Human diseases

Malassezia sympodialis has been identified conjunction with a number of human skin disorders include pityriasis versicolor, seborrheic dermatitis and dandruff and atopic dermatitis.[5] There have also been reports of M. sympodialis in patients with granulomatous dermatitis.[15]

Pityriasis versicolor

Pityriasis versicolor is a skin disorder that leads to the formation of patches on the skin that are either hypo- or hyperpigemented.[5] It may be found on oilier areas of the body including the neck and trunk.[5] Besides M. sympodialis, several species of Malassezia have been identified on individuals with the disorder including, M. globosa, M. slooffiae and several others.[5] Some believe that M. globosa is responsible for the disease as it has been found in higher numbers, but this has not yet been confirmed.[5] Confirmation of the agent of disease involves microscopic examination of skin scrapings from the infected individuals for the presence of thick-walled yeast cells intermixed with broad hyphae.[5] Ointments containing fungicidal ingredients such as selenium can be applied to the affected area.[5] Oral medications are also used in some cases.[5]

Seborrhoeic dermatitis and dandruff

Seborrheic dermatitis is a skin disorder where inflammation and desquamation occurs in areas of the body with a high density of sebaceous glands, particularly the face and trunk.[5] The dandruff form does not result in inflammation and is restricted to the scalp.[5] Although 'M. sympodialis has been reported as an agent of seborrhoeic dermatitis and dandruff, other species including M. furfur and M. globosa are more commonly associated with the disorder.[5]

Atopic dermatitis

Atopic dermatitis occurs in individuals that have an abnormal immune reaction to allergens resulting in inflammation on the affected area of the skin.[5] This disorder is associated with M. furfur, M. restricta, M. sympodialis and a number of other species.[5]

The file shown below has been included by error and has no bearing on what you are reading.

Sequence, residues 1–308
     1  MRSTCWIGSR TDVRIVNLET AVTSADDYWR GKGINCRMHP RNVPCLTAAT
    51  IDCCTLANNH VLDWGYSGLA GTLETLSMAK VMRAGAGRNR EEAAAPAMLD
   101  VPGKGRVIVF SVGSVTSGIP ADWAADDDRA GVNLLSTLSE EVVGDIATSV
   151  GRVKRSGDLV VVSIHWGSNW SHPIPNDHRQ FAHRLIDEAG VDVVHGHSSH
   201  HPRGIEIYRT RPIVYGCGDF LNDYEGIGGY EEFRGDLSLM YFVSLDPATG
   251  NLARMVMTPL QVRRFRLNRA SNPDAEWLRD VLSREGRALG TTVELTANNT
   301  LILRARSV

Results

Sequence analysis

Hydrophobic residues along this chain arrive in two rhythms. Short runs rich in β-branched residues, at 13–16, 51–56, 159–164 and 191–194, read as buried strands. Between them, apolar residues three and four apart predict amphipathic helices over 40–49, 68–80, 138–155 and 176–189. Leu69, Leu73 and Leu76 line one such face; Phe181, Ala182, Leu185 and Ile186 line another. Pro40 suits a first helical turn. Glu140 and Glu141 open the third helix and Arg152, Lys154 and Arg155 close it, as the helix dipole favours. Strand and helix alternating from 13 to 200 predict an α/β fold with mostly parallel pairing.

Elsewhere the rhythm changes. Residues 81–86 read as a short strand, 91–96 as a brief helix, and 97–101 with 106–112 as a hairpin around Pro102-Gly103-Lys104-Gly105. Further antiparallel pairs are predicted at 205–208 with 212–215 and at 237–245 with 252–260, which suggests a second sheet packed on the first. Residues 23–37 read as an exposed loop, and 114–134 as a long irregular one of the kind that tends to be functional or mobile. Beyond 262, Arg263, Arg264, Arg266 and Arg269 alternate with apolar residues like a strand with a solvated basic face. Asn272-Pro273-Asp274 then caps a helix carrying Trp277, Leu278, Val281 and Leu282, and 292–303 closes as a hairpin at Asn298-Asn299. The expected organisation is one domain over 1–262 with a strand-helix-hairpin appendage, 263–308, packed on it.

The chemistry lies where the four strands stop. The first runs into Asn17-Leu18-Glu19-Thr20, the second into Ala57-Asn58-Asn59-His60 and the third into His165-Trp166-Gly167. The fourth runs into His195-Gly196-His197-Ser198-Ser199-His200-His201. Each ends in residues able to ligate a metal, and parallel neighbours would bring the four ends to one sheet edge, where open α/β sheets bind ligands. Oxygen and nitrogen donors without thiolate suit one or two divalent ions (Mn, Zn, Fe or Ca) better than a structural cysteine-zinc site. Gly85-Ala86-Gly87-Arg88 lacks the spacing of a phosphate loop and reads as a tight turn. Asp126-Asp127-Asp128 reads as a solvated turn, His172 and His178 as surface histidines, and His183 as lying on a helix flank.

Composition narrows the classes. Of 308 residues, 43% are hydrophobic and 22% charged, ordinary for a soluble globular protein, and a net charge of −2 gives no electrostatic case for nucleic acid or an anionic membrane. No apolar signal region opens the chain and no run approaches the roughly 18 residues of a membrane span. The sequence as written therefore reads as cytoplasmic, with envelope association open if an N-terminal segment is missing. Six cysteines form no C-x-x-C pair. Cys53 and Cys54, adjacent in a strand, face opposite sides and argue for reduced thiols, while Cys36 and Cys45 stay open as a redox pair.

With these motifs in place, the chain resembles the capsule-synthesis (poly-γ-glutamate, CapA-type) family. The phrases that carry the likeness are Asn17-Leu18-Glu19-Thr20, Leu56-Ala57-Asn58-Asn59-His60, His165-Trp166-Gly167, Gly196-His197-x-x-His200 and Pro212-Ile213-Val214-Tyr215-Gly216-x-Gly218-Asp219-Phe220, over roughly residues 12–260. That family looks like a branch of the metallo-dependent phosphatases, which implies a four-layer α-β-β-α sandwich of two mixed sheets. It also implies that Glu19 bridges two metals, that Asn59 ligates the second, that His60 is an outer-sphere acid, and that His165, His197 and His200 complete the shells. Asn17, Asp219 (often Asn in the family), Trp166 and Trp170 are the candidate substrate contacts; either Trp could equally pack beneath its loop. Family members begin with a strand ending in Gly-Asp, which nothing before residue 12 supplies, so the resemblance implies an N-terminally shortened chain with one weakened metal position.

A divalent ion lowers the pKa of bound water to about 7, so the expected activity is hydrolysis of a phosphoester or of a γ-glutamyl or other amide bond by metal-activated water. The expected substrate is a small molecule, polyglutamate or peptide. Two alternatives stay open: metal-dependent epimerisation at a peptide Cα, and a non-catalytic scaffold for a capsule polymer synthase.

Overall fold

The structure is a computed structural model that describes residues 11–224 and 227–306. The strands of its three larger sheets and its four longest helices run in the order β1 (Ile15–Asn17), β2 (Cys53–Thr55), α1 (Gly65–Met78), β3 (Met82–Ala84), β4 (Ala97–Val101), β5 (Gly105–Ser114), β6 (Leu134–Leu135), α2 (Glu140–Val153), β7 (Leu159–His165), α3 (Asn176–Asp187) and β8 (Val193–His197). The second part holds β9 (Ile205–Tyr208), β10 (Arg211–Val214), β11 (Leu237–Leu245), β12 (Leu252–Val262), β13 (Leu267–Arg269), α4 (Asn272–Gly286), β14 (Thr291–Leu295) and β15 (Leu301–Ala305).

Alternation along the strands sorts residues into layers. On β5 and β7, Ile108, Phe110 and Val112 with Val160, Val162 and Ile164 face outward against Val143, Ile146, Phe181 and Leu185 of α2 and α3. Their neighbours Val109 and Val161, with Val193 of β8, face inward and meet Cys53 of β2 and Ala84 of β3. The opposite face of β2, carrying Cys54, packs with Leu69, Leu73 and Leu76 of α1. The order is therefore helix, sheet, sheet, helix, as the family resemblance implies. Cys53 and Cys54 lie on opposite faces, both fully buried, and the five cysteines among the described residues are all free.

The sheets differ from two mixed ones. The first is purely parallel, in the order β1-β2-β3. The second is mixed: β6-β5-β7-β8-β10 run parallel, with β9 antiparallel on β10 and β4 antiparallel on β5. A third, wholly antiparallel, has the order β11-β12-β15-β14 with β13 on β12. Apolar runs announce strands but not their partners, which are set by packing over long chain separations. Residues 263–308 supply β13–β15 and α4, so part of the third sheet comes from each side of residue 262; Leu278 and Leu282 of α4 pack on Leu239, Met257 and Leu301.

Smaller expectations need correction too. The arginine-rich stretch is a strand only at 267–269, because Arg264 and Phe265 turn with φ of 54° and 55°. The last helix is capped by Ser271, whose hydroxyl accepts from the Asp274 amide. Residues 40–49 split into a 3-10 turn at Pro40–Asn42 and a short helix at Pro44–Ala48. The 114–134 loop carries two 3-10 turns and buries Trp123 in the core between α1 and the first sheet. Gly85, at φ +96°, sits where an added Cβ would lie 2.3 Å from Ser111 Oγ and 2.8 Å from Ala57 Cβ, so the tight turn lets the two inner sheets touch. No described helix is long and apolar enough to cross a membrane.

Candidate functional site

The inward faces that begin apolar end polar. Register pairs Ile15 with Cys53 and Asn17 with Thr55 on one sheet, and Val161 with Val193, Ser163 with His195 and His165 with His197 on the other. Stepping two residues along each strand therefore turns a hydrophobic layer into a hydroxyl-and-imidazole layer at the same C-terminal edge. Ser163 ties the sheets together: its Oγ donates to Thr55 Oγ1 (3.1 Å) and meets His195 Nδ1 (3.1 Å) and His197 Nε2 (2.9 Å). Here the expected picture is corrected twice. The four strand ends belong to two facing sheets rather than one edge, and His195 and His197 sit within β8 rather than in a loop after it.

Animal diseases

Malassezia sympodialis has been identified in high frequency on dogs that have some form of dermatitis and is found in association with other species of Malassezia.[16] This species has also been associated with otitis in cattle, cats and other animals.[5]

References

  1. Simmons, Robert B.; Gueho, Eveline (December 1990). "A new species of Malassezia". Mycological Research 94 (8): 1146–1149. doi:10.1016/S0953-7562(09)81349-X. 
  2. 2.0 2.1 2.2 2.3 Gaitanis, G.; Magiatis, P.; Hantschke, M.; Bassukas, I. D.; Velegraki, A. (9 January 2012). "The Malassezia Genus in Skin and Systemic Diseases". Clinical Microbiology Reviews 25 (1): 106–141. doi:10.1128/CMR.00021-11. PMID 22232373. 
  3. 3.0 3.1 3.2 3.3 Howard, Dexter H. (2007). Pathogenic fungi in humans and animals (2nd ed.). New York, NY: Dekker. ISBN 978-0824706838. 
  4. 4.0 4.1 de Hoog, G. S. (2000). Atlas of clinical fungi (2. ed.). Utrecht: Centraalbureau voor Schimmelcultures [u.a.]. ISBN 9070351439. 
  5. 5.00 5.01 5.02 5.03 5.04 5.05 5.06 5.07 5.08 5.09 5.10 5.11 5.12 5.13 5.14 5.15 5.16 5.17 5.18 Chen, Tai-an; Hill, Peter B. (February 2005). "The biology of Malassezia organisms and their ability to induce immune responses and skin disease". Veterinary Dermatology 16 (1): 4–26. doi:10.1111/j.1365-3164.2005.00424.x. PMID 15725101.